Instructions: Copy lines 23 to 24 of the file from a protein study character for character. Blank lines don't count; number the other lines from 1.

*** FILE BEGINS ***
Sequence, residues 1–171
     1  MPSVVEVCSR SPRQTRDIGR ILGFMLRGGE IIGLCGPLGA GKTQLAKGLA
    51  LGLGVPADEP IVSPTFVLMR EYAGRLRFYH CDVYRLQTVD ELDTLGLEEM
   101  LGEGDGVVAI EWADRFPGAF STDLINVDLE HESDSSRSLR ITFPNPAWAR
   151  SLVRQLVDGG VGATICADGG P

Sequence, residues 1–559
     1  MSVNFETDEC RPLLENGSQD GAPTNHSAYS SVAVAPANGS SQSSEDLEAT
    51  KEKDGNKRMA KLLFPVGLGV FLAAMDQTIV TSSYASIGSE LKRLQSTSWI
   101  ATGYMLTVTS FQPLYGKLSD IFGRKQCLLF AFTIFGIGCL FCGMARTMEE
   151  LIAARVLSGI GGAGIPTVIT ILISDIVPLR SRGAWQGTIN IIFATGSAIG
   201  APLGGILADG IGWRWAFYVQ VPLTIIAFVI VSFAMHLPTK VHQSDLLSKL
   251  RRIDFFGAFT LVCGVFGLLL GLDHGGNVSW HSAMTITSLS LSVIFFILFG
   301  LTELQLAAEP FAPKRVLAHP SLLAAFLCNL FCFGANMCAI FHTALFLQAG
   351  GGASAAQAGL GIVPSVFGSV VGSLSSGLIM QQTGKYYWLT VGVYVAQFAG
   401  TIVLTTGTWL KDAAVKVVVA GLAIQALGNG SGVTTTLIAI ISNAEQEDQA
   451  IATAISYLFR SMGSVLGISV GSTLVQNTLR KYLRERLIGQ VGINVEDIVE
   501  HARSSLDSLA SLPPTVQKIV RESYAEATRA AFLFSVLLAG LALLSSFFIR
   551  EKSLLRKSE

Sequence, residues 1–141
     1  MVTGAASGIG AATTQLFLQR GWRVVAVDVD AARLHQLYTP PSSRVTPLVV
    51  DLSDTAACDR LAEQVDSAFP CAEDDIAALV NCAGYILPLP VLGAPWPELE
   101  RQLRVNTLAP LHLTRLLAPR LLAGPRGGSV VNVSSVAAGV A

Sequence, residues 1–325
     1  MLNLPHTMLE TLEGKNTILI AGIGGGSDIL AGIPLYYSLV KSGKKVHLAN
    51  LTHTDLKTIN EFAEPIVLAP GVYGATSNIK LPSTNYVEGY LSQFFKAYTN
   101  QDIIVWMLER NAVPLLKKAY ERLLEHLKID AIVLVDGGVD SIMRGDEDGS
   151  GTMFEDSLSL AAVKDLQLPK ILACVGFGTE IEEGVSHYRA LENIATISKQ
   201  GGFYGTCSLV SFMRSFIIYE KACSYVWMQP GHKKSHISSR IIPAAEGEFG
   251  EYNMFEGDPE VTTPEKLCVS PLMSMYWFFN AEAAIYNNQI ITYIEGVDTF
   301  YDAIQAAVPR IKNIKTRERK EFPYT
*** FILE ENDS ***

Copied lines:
Sequence, residues 1–325
     1  MLNLPHTMLE TLEGKNTILI AGIGGGSDIL AGIPLYYSLV KSGKKVHLAN